Will General Motors See a Turnaround After Recent News?
T = Trends for a Stock’s Movement
General Motors designs, manufactures, and markets cars, crossovers, trucks, and automobile parts worldwide. The company markets its vehicles primarily under the Buick, Cadillac, Chevrolet, GMC, Opel, Holden, and Vauxhall brand names, as well as under the Alpheon, Jiefang, Baojun, and Wuling brand names. It sells cars and trucks to dealers for consumer retail sales as well as to fleet customers in daily rental car companies, commercial fleet customers, leasing companies, and governments.
General Motors has dropped 6.6 percent in January after gaining 14 percent during the last three months of 2013. Ford (NYSE:F), on the other hand, has gained 6.1 percent this month, after dropping 8.5 percent during the last three months of last year. General Motors’ slump can be attributed to its sales announcement on January 3 when it missed forecasts by a mile. Now, however, Morgan Stanley’s (NYSE:MS) Adam Jonas and team think the stock looks “more interesting.”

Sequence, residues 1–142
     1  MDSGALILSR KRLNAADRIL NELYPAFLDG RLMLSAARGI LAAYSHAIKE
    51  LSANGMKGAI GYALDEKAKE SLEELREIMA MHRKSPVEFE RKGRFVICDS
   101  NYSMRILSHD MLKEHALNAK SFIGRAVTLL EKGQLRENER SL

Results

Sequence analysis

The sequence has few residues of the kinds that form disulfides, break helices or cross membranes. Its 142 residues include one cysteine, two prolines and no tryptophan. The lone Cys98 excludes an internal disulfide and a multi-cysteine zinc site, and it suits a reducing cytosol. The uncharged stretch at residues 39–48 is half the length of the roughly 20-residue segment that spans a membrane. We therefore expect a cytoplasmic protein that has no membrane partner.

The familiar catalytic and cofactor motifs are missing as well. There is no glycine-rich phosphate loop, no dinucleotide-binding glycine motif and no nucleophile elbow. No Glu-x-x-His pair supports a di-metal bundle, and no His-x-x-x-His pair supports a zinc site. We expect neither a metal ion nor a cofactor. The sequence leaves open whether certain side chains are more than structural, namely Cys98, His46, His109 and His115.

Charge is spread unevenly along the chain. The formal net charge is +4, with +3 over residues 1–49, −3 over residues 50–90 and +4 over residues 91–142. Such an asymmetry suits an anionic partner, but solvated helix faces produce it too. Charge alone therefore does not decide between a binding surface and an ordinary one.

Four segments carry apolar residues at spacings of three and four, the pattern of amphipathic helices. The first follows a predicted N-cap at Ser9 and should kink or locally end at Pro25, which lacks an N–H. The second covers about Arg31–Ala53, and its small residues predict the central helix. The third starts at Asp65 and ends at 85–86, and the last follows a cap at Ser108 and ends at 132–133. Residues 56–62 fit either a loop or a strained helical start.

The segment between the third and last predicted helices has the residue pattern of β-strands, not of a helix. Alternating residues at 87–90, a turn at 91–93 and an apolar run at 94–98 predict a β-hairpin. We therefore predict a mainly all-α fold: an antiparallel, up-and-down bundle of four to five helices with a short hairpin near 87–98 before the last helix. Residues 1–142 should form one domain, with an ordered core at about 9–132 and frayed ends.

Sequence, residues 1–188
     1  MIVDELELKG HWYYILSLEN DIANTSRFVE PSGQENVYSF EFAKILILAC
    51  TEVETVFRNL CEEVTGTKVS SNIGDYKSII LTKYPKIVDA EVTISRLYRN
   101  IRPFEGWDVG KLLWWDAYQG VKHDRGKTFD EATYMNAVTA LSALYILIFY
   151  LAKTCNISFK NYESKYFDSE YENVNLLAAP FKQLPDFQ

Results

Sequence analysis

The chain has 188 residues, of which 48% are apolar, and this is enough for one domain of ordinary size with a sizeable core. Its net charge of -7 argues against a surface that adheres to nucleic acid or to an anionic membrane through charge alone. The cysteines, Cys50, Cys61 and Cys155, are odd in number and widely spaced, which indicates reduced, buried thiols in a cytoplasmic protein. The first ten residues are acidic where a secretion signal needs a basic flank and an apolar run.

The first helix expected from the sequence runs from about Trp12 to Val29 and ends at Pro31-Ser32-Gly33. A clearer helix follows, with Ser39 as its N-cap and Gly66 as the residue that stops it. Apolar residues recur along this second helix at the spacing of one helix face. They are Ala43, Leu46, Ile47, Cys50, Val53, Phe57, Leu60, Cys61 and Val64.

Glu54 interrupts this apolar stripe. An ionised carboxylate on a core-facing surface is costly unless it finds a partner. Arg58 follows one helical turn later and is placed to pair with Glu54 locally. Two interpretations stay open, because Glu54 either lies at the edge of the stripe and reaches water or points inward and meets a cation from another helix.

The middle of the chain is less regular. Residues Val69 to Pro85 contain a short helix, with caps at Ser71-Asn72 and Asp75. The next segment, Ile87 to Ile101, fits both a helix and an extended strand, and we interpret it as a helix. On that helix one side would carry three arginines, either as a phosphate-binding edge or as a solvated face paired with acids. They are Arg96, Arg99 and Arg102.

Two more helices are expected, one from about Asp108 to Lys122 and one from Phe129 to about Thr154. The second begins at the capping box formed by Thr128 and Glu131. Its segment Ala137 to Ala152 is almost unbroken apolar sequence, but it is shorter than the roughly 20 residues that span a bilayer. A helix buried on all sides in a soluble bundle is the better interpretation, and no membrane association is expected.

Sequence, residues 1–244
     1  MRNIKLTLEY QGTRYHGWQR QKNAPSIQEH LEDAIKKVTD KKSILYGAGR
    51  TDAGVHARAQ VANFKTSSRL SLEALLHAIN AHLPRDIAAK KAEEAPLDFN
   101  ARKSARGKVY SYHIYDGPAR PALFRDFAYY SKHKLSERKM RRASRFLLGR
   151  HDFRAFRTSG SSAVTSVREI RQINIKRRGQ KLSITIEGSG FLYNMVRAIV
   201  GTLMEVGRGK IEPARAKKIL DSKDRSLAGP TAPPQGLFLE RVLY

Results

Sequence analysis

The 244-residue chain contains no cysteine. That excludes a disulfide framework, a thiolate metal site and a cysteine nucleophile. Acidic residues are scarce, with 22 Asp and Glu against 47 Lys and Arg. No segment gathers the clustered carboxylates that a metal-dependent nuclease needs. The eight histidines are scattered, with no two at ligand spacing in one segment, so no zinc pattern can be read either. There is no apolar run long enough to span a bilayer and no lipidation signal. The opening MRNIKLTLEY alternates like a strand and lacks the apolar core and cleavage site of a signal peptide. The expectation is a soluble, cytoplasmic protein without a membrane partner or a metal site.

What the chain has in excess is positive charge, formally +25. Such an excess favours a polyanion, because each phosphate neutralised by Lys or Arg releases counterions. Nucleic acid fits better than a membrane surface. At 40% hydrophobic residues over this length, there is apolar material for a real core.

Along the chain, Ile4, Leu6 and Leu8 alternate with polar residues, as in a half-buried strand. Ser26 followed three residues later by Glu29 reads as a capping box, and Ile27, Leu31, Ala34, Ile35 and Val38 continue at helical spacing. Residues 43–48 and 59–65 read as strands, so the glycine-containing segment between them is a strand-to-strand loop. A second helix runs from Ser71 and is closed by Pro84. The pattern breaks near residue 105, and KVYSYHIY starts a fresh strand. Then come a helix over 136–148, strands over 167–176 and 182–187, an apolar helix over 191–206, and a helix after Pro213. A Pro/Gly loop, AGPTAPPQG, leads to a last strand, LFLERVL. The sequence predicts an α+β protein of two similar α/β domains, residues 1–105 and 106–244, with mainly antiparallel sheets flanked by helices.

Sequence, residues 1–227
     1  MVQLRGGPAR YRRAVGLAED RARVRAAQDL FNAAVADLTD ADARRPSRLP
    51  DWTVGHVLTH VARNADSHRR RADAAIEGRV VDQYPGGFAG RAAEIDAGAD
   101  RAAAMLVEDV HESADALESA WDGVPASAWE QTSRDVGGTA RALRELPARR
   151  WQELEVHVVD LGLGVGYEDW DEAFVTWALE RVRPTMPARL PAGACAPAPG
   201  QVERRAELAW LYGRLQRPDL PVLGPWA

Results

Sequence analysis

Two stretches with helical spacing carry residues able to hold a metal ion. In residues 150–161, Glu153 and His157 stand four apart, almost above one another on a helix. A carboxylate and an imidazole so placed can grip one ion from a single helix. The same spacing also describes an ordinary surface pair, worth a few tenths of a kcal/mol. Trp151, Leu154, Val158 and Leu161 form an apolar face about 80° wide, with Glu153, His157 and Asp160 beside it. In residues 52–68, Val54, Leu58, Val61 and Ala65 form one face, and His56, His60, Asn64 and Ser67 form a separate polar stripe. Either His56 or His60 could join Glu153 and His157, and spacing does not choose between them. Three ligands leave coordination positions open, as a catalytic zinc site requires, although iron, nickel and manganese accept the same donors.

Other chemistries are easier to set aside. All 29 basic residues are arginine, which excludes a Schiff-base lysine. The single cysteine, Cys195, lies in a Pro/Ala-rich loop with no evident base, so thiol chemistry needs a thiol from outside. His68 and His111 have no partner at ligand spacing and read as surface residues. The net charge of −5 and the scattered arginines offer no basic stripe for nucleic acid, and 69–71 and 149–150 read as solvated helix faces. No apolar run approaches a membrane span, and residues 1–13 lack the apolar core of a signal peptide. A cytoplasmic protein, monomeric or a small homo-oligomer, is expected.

They explain that, “We cut our estimates materially on the back of 2014 guidance provided at Detroit. Our adj. EBIT drops from $11.4bn previously (6.8 percent margin) to $10.0bn (6.1 percent margin), on lowered expectations in GMIO, GMNA, and GME. While 25 percent upside comes with high risk, we think GM is more interesting now. We think the new guide is appropriate given increasing competition and slowing growth in N America, operational and FX challenges in non-China EM and a new mgmt team setting the bar after 5 years of TARP compensation limitations. Following the guidance reset, we believe the company has slightly positive earnings revision risk. We also believe investor expectations for a share buyback are far lower following Detroit — finally. The challenge of owning GM is that the company is still in the early innings of executing its structural turnaround while the US auto cycle is approaching the later innings.”